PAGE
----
Last week I visited Italy for the first time. With the help of a phrase book, I had a working Italian vocabulary of about a dozen words. I relied heavily on "per favore," "grazie," and "scusi," coupled with a befuddled look and ready smile. I did a whole lot of pointing, pantomiming, and repeating of what I was told until I parceled out what it might mean. I was so grateful when I was understood that, nine times out of ten, I elicited a smile and goodwill. I figured folks thought, "She's hopeless, but at least she's trying."
So when we went to a tiny café to order a panini, coffee and tea, we worked out the owner's small menu and were invited to sit. We explained we came from the United States. The owner smiled at me. "Buona Festa della Donna."
Okay---I was able to write that out now, but I had no idea what she was saying then. She spoke two dozen words of English (more than I spoke Italian), but the concept was escaping me. Another woman sat at one of the other tables, and between her other dozen words of English, pantomime, and a breakthrough (the owner spoke some French!), I understood. It was March 8, International Women's Day.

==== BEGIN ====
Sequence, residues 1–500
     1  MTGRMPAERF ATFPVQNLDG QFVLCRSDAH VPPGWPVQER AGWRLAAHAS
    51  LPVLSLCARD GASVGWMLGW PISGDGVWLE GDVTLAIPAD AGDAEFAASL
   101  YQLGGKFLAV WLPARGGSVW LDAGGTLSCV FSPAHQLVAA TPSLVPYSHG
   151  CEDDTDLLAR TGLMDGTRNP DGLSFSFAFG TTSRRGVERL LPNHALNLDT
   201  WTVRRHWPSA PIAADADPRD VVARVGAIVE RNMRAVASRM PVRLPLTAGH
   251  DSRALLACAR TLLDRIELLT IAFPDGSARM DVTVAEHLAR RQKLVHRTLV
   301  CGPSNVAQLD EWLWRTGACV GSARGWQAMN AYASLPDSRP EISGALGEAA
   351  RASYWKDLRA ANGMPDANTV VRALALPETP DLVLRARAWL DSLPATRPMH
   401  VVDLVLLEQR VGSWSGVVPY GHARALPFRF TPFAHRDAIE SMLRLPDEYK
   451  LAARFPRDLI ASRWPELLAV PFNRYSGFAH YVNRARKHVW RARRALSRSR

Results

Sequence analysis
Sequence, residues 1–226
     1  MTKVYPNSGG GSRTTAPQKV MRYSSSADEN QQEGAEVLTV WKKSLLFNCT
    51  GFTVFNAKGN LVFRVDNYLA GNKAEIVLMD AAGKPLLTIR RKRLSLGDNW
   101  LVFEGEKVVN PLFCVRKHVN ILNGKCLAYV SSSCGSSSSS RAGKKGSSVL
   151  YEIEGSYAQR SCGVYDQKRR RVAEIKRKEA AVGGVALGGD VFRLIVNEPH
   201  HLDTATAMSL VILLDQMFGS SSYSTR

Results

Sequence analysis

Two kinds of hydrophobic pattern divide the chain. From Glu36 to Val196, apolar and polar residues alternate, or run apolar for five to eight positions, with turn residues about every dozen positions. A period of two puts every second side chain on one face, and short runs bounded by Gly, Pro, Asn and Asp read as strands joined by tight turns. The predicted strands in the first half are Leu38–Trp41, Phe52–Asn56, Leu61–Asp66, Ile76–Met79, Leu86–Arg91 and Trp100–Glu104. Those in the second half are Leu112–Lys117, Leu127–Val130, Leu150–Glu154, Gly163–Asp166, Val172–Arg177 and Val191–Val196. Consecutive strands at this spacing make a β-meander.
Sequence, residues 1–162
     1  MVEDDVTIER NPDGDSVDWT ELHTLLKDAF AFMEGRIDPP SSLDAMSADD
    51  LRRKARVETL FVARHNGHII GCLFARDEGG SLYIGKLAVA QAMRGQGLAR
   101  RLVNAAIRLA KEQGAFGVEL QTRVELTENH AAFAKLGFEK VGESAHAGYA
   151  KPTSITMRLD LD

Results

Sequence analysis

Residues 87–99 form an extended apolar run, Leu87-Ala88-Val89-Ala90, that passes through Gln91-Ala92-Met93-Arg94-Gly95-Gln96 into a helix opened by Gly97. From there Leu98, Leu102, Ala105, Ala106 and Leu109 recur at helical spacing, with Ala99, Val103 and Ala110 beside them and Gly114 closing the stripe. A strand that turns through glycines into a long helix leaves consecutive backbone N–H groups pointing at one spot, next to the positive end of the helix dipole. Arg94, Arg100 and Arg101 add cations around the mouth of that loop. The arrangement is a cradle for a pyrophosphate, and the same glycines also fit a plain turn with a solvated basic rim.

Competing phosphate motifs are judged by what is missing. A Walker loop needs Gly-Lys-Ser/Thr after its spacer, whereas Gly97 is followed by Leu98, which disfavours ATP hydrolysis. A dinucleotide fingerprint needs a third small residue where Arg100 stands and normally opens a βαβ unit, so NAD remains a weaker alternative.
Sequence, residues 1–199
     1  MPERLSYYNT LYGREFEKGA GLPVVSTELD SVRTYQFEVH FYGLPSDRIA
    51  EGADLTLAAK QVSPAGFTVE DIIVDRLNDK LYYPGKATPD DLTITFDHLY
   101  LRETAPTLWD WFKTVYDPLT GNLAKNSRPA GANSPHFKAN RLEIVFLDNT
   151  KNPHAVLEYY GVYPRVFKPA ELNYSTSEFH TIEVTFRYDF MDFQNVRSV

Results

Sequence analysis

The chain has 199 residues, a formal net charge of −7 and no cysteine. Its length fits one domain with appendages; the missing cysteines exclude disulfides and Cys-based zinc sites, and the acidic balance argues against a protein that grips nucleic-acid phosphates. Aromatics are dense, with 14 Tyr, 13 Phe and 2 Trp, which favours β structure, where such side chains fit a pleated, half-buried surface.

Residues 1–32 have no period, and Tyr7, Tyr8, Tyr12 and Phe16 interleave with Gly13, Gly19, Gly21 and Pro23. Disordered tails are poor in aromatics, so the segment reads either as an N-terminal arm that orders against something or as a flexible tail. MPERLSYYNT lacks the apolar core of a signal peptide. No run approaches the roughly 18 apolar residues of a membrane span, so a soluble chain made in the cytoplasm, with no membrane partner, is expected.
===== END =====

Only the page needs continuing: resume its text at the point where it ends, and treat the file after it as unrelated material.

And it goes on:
She was overjoyed when I understood. She explained that the day was founded by Rosa Luxemburg and Clara Zetkin and honored the 146 women who died in the Triangle Shirtwaist Factory Fire. Everyone in the world celebrated it! In Italy they gave mimosa flowers to women. The local gelateria served mimosa gelato for the occasion. Surely I must celebrate it, too.
Sadly I had to explain that the day might merit small print on a few calendars, but we didn't celebrate it in the U.S.
Shock. Surprise. But Rosa Luxemburg, she's so famous. And the fire was in New York. And women here in Italy, they celebrate!
I didn't have enough words to explain that Rosa Luxemburg was viewed as a dangerous Communist by most Americans, if they had heard of her at all.
That afternoon, a man ringing a cowbell gave me a sprig of mimosa. I smiled at all the women who carried their bouquets during the day. I allowed a kiss on the cheek from a cheese seller. And I was glad to spend International Women's Day in Italy where this day to commemorate an American tragedy is truly celebrated.